A large portion of this book happens in places that aren't real. That makes for some pretty neat descriptions and fantastical happenings. What's cool, though, is that even this crazy setting is grounded in reality. So we'll start with the reality.
Coraline is set in England (makes sense, since Neil Gaiman is British) which explains some of the slang we get. We never learn exactly what town or city Coraline lives in, but her dad takes a trip to London at one point in the story, so we know we're in the real world here.
The apartment, or flat, that her parents rent is part of a large old house that seems to be out in the country:
It was a very old house – it had an attic under the roof and a cellar under the ground and an overgrown garden with huge trees in it. (1.2)
The house itself is the main setting for the story, and it's not exactly a thrill: there's a well and some space to explore, but it doesn't have much to offer. Everything seems to be rusty, holey, and generally creepy. Speaking of which, how about that other world?
We aren't really surprised that this old, creepy house turns out to be a portal to another, even creepier world. The other world that Coraline visits is a lot like Alice's Wonderland: it's bizarre and fun and also pretty scary. Everything seems just a little bit off in the other world. For instance, Coraline describes the trees on the edge of the property; they're like trees, but not exactly:
Pretty soon they seemed very approximate, like the idea of trees; a grayish-brown trunk below, a greenish splodge of something that might have been leaves above. (6.30)
Throughout the story, we get a lot of really vivid descriptions of the other world. In fact, the other world almost becomes its own character, one that seems to mimic the character of the other mother. The landscape changes and slowly starts to fall apart as Coraline challenges the other mother:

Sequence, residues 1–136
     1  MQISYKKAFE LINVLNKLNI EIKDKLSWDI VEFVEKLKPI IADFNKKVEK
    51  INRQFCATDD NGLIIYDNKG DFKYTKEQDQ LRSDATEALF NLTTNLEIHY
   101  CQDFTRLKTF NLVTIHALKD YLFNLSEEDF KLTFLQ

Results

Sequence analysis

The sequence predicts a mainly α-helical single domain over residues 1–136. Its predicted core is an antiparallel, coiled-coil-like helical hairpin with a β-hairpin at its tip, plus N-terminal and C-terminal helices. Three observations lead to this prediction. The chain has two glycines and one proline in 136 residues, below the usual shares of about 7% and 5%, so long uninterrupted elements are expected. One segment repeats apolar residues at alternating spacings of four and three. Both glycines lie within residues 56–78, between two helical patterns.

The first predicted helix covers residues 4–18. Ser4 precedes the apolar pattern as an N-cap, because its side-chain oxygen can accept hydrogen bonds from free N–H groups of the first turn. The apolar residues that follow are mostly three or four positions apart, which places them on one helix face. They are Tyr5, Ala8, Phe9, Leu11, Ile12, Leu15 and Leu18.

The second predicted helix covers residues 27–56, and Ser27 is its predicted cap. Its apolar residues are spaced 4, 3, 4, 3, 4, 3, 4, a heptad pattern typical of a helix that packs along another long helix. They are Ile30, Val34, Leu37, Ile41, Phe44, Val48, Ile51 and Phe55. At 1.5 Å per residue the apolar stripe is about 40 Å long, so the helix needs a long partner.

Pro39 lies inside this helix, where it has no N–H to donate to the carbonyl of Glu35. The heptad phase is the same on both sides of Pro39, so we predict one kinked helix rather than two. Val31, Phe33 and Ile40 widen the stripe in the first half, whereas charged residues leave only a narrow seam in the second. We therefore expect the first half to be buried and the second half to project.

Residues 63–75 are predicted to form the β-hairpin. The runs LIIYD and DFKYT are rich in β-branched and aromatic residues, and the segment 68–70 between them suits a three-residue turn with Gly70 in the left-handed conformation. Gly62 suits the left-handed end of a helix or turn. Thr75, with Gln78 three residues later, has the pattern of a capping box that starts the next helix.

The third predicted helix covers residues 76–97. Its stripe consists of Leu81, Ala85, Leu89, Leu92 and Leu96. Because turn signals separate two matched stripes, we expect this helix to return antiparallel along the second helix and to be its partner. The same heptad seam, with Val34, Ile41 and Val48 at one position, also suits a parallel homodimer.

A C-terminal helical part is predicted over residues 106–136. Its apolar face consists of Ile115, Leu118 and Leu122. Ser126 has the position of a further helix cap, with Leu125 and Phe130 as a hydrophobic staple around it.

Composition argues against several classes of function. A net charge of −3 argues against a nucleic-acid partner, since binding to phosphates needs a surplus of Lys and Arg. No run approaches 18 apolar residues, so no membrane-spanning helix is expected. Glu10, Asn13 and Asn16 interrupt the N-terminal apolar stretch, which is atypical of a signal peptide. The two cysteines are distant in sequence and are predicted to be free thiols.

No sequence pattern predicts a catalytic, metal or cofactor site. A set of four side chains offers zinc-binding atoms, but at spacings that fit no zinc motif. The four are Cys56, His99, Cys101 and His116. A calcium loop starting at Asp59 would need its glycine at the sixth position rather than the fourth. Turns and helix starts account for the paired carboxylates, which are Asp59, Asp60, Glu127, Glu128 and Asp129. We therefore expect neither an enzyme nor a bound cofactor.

Outside, the world had become a formless, swirling mist with no shapes or shadows behind it, while the house itself seemed to have twisted and stretched. (9.1)
Basically, as the beldam starts to freak out, so does the other world.
One last thing. How neat is the contrast between Coraline's own world and the other world that happens in the last chapter of the book? When Coraline returns home, everything is suddenly vivid and pretty. Coraline's relief helps her see her new home in a better light.
The sky was a robin's-egg blue, and Coraline could see trees and, beyond the trees, green hills, which faded on the horizon into purples and grays. The sky had never seemed so sky, the world had never seemed so world. (11.59)
The best part about her actual home is that it's real. We sometimes take that for granted.